In this review, literature sources focused on various species of ants inhabiting the premises of objects of different categories (houses, medical organizations, public catering establishments), polluting the food, and posing the epidemiological danger have been analyzed. Modern ways of control of these ants on the objects of abovementioned categories are considered. Data on species living in natural conditions, including the territory of private households, causing damage to agricultural land and on personal plots are presented.


Keywords: ants, biological features, epidemiological risk, economic loss, methods and ways of ant control.


page 17-35


Notes from the 11th European Vertebrate Pest Management Conference (Warsaw, Poland), September 25-29, 2017

Mironova T.A., Shekarova O.N.

(A. N. Severtsov Institute of Ecology and Evolution of the RAS, Moscow, Russia)



page 38-39


The European Vertebrate Pest Management Conference was organized by the Warsaw University of Life Sciences and took place from 25th September to 29st September in Warsaw, Poland. The scientists from the following countries: Poland, Germany, Finland, Britain, France, Belgium, Denmark, Czech Republic, Spain, Pakistan, India, Turkey, Austria, Russia, Israel, Serbia, Switzerland, Scotland and Hungary presented their contributions.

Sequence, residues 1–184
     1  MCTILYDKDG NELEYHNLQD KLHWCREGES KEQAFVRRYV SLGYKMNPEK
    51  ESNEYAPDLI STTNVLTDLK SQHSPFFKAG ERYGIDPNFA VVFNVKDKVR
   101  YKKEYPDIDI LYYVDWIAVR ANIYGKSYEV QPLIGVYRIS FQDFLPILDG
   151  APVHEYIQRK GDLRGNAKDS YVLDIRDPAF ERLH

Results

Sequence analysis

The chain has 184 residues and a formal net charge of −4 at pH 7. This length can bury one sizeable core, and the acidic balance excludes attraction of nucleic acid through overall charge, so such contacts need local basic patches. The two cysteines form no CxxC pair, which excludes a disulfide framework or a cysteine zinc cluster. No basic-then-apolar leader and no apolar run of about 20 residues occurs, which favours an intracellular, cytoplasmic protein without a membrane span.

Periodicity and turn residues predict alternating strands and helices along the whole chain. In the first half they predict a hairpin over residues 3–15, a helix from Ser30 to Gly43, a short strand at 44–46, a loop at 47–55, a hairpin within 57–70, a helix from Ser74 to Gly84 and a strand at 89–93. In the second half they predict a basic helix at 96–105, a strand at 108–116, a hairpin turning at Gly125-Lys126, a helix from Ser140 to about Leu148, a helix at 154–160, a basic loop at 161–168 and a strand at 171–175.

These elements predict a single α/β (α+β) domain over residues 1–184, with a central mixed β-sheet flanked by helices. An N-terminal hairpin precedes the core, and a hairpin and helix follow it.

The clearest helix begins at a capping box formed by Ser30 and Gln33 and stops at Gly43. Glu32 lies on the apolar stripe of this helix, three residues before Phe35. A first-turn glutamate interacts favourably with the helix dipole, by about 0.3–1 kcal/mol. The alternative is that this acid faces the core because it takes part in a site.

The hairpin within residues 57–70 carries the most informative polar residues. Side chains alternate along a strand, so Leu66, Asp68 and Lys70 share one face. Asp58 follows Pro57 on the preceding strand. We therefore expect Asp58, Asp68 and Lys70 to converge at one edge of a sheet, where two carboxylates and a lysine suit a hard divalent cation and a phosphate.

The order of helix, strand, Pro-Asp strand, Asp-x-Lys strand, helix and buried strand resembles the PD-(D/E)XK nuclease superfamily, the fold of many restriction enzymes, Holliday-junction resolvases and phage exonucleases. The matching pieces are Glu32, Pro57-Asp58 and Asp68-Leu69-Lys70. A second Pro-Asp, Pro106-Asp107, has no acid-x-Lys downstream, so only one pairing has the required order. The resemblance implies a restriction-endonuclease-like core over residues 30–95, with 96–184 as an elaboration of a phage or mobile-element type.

The conference covered such areas as ecologically based management of problematic species, urban, agricultural and silvicultural pest management and also the problems of human - animal social conflict (with wild boar, deer, foxes, martens, primates, etc.) within the boundaries of settlements. The most relevant were studies on the rodenticidal effects of anticoagulants (coumarin and indandione compounds) on rodents, including long-term effects in the form of the emergence of genetic resistance to poisons. In different parts of Europe the VKORC1 gene mutations, responsible for rodent resistance to anticoagulants were revealed in brown rats (Rattus norvegicus), black rats (Rattus rattus) and house mice (Mus musculus). Brown rat resistance to first generation anticoagulant rodenticides / FGARs /, caused by some of these mutations, e.g., Y139S, can be overcome by using bromadiolone and difenacoum, the less toxic compounds of the second generation anticoagulant rodenticides /SGARs/. Some mutations, for example, Y139F and Y139C (the most common mutations in Western Europe, their frequency reaches 40-50% of the entire rodent population in some countries), cause high-level resistance and can be overcome only with the help of more toxic SGARs: brodifacoum, flocoumafen and difethialone. In some cases, the authors recommend to replace anticoagulants by acute poisons or to use mechanical devices that in contradistinction to poisons do not pollute the environment. In different countries of Europe, the rotation patterns of anticoagulants of the first, the second generation, and acute poisons, differ depending on the frequency and distribution of VKORC1 gene alleles. It is obvious that the permanent genetic monitoring of target rodent species and the identification of resistant populations is the basis for a modern strategy and tactics to problematic species control. At the conference, some large European chemical companies specialized in agriculture and health, plant protection and pest management - members of the Rodenticide Resistance Action Committee (RRAC) - presented a website where specialists can learn about the distribution of resistance conferring mutations and obtain recommendations for overcoming this problem in each specific case in the best possible way. Undoubtedly of interest are the studies of SGARs in terms of their histochemical activity. For example, it is shown that the toxicity of brodifacoum is not only causing bleeding disorder. This drug causes immunohistochemical abnormalities in the tissues of the rat spleen, including changes in the structure and number of T lymphocytes. The SGARs are known to be not only highly toxic to rodents, but also can be accumulated in the body of some carnivorous mammals (polecats, martens, ermines, foxes, etc.), scavengers and birds of prey, including rare and protected species. A number of presentations were devoted to direct effects of eaten rodents poisoned by anticoagulants on the population and physiological state of predators and also to indirect effects of rodent control measures on the rodents’ abundance and, as a consequence, on changes in the food base of predators. Such studies are extremely important both for nature protection and for reducing the risk associated with the use of SGARs. The composition of all SGAR substances includes two stereoisomers, one of which has a lower persistence (the ability to persist in the environment: water, soil, animals). Monitoring and modification of drugs with a predominant use of this isomer is a strategy to reduce the risk to non-target species. The efficiency of baits against rodents depends not only on the toxicity of the substances, but also the quality of the food base. Additives that suppress the growth of mold and reduce spoilage under high humidity and temperature, contribute to improve the effectiveness of rodent control measures In some cases, the methods of catching rodents by traps have been proposed as an alternative to rodenticides. The traps were set up in lines along the barriers guiding the movement of rodents. The high efficiency of catching rodents is combined with the apparent reduction in risks, due to the reduced use of rodenticides. The issues of ecology and microevolution of rodents are also reflected in the reports of the conference participants. One of the central problems was the co-evolution of the pathogen and its host. The influence of environmental factors on the structure and dynamics of numbers of both the host and its pathogen is shown using the example of the bank vole (Myodes glareolus) and Puumala hantavirus. Particular attention was paid to the need for integration of ecological and genetic data for a deep understanding of not only evolutionary processes, but also patterns of pathogen distribution or mechanisms of resistance development, as well as interaction and dynamics of natural pest populations. The problems of rodent population dynamics in forest ecosystems, including the use of available weather data to predict rodent outbreaks based on long-term series are considered. The close relationship between weather conditions, productivity of trees (oak, beech, pine, rowan, etc.) and forest rodent population dynamics is shown. The problem of reforestation and the influence vole activity under snow cover on the survival of young tree plantations was discussed. Issues of regulation of bird numbers were discussed: methods of catching, scaring, including using chemical repellents. This is true for typical urban inhabitants: passerines, corvids, pigeons and doves, and also inhabitants of steppes and forests, causing significant damage to agricultural crops. Some representatives of birds among the invasive species, for example, the Monk Parakeets or calita (Myiopsitta monachus), whose native origin is South America, extend their areal. The Monk Parakeets have been living in Europe for the last 140 years, reaching a high abundance in some regions. For example, in Spain the abundance of this species reaches 20,000 birds, in the southeast of England - up to 100,000. In Israel, a method is proposed to limit the number of birds by treating eggs in nests by applying vegetable oil, such as olive or sunflower, to the surface of the shell. The termination of the access of air to the inside of the egg, resulting in clogged pores, leads to the death of the embryo. Many vertebrates are natural reservoirs of pathogenic microorganisms: bacteria, viruses, micromycetes. These animals require control measures decreasing their numbers, for example, synanthropic species such as brown and black rats (Rattus sp.), house mice (Mus musculus), and voles (Myodes sp. and Microtus sp.). In the last years, some wild animal species - fox (Vulpes vulpes), racoon (Procyon lotor), mustelids (family Mustelidae), rabbit (Oryctolagus cuniculus), coypu (Myocastor coypus), wild boar (Sus scrofa) - have actively begun to colonize not only rural areas, but also cities. The question of how to deal with such invaders is still open. On the one hand, such invaders enrich the urban fauna, many of them have become an integral part of the urban landscape, on the other hand, there is a danger of introducing a number of pathogens and the emergence of anthropogenic foci of zoonosis. There have already been noted the cases of African plague in wild boars, viral hepatitis E in rabbits, and foxes have always been the main hosts of rabies. The role of large predators (including wolf Canis lupus) in ecosystems is also important: their presence in the habitats of red deer leads to the elimination of sick and weakened animals, controls the number of ungulates and reduces their negative impact on reforestation (at high densities, ungulates, eating young bark, can greatly damage the undergrowth and young planting of tree species). Participants also discussed about effective methods for deer damage mitigation. In one study, scientists analyzed the effect of additional winter-feeding on deer damage mitigation in three mountain regions. Supplementary feeding was effective only in regions, where red deer density and the level of damages was the highest People learn to coexist with wild animals, despite obvious inconveniences: damage to plantings, collisions with people, pets and vehicles. The conference raised the issues of the need for international and cross-sectoral cooperation for effective control of problematic species. In particular, the coypu population control (Myocastor coypus) in Europe - an invasive species from South America - needs concerted all EU countries actions. The European Food Safety Agency (EFSA), concerned with the issues of pest control and risk assessment, and realizing that effective species management is impossible without as much information on the state of populations as possible, allocated money for a 6-year program to obtain and harmonize data on number and distribution of various animal species, including carnivores, ungulates, lagomorphs and rodents in Europe. The materials in English can be found at: or http: //www.пест-менеджмент.рф/htdocs/pkrf/streszczenia.pdf